After I urged my Critics at Large colleague Kevin Courrier to watch The Wizard of Lies, he called me up and asked excitedly, “Don’t you think this movie is a variation of All My Sons?” It’s a brilliant insight. In Arthur Miller’s 1945 play, Joe Keller sends faulty plane parts to the air force during the Second World War because remaking them would cause a delay and he’s terrified of losing his government contract; when a plane go down as a result and young men die, Joe slips out of a prison sentence by claiming that it was his partner who made the call on a day when he stayed home sick. But his two sons, who have revered their father all their lives, come apart as a result of what he’s done: one, an Air Force pilot, crashes in his plane, and the other, Chris, discovering the truth two years after the fact – both of his father’s guilt and of his brother’s suicide – turns against him in horror and outrage. Besides Ruth and Bernie’s, the other central relationship in The Wizard of Lies is between Bernie and his son Mark, who adores his father, though he always feels inadequate – that no matter how hard he works to earn his father’s respect, Bernie doesn’t trust him enough to share the details of his business with him. Nivola is extraordinary in two telling scenes. At an extravagant dinner party in the Madoffs’ Palm Beach home, Bernie orders a waiter to remove the plate of meat Mark has brought from the buffet and bring him lobster instead, even though Mark doesn’t like lobster, and Mark picks at it rather than fight his father. When Mark summons the courage to confront him on his reluctance to let him in to the inner workings of the business and Bernie calls him ungrateful, Mark ends up kissing him and telling him how much he loves him. The revelation that this man has been lying to everyone for years hits both sons hard, but it destroys Mark. Nivola is heartbreaking as Mark, who casts Bernie out of his life but finds it’s too late. His father’s actions are a slow-acting poison: he becomes more and more unstable, and, in a scene that’s like something out of Greek tragedy, a family friend finds him hanging in his apartment with his own infant son in the next room.

Joe Keller shoots himself at the end of All My Sons; in Aristotelian terms, he undergoes an anagnorisis, a moment of recognition that provokes a reversal. The play is a social-problem melodrama, so Joe has to own up to his sin against humanity and be punished for it. (At least in Jack O’Brien’s devastating 1988 TV production, though, it transcends its genre and ends in genuine tragedy: a young Aidan Quinn makes very clear that Chris Keller, too, is destroyed.) Bernie Madoff isn’t a character in a melodrama. The Wizard of Lies dramatizes the scene at sentencing where Madoff turned to the group of former clients gathered in the courtroom and apologized for what he had done. In the movie we know his words are empty because throughout he has shown nothing but contempt for them, insisting privately that their own greed makes them just as responsible as he is. In a jaw-dropping moment, he tells Diana Henriques (who plays herself), when she interviews him in prison, that he was really just a scapegoat for the conduct of financial institutions that bankrupted far more than his 4,800 clients in 2008. The frame of the movie is Henriques’s putting together her book, and it’s the least effective element in the screenplay, but it pays off in the end, during their final encounter. She asks him repeatedly if he sees the peril he put his sons in – that if he’d died before telling them the truth and they hadn’t had the chance to turn him in, they would have inherited the responsibility for his crime. Bernie won’t admit it; he keeps protesting that the way he’d divided up the business and kept Andrew and Mark in the dark about his illegal activities was all the protection they needed. We see that this isn’t self-delusion; as much as he claims he loves them, he acted out of an essential disregard for them. In All My Sons Joe Keller argues that his immoral actions are forgivable because his desperation to keep his business thriving arose out of his love for his sons, who would benefit from it; the title reflects the revelation that makes him kill himself – that he should have valued those dead pilots as he valued his sons. The Bernie Madoff of The Wizard of Lies turns out to value his own sons as little as he valued his clients. At the end of the movie he says to Henriques that he doesn’t understand how the journalists who have written about him could say he’s a sociopath and asks her if she thinks so too. The movie ends on his question. She doesn’t answer him because she doesn’t have to.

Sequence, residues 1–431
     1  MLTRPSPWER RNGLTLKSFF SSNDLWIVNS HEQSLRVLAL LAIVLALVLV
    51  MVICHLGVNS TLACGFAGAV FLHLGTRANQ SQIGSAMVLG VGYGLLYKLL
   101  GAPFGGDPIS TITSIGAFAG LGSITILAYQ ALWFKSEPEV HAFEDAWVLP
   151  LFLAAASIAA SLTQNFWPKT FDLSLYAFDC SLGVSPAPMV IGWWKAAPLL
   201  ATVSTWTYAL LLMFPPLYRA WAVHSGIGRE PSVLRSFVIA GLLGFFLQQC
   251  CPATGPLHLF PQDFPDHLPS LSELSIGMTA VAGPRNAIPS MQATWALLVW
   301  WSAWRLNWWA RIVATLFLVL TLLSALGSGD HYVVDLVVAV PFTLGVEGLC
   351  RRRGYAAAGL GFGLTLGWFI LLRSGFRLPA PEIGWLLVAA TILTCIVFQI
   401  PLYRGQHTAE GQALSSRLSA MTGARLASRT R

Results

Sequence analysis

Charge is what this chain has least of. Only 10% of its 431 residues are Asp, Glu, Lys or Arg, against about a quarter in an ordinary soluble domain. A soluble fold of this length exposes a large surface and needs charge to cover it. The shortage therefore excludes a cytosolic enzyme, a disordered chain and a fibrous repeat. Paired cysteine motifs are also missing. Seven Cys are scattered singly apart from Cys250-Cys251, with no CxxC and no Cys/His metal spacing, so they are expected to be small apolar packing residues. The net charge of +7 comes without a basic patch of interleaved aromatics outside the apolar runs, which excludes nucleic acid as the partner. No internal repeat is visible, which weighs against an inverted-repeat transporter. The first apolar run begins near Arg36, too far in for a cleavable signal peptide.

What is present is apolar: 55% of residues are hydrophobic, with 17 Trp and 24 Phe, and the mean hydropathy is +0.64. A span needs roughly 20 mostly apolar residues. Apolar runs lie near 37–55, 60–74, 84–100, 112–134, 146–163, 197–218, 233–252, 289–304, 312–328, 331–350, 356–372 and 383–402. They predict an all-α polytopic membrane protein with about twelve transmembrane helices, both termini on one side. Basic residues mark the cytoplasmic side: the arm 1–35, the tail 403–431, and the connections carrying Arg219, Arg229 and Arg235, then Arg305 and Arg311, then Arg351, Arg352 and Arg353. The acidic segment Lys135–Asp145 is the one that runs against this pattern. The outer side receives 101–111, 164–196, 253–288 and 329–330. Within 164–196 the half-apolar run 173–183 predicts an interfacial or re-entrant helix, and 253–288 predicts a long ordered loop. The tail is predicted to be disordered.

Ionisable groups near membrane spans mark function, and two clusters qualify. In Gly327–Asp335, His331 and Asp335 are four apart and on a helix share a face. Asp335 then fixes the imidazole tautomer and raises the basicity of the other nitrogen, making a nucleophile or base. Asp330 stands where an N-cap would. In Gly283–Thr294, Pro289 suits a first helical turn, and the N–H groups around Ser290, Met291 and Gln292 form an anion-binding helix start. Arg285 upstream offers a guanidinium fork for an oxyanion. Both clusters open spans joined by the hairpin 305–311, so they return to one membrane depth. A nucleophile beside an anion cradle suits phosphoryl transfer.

Steve Vineberg is Distinguished Professor of the Arts and Humanities at College of the Holy Cross in Worcester, Massachusetts, where he teaches theatre and film. He also writes for The Threepenny Review and is the author of three books: Method Actors: Three Generations of an American Acting Style; No Surprises, Please: Movies in the Reagan Decade; and High Comedy in American Movies.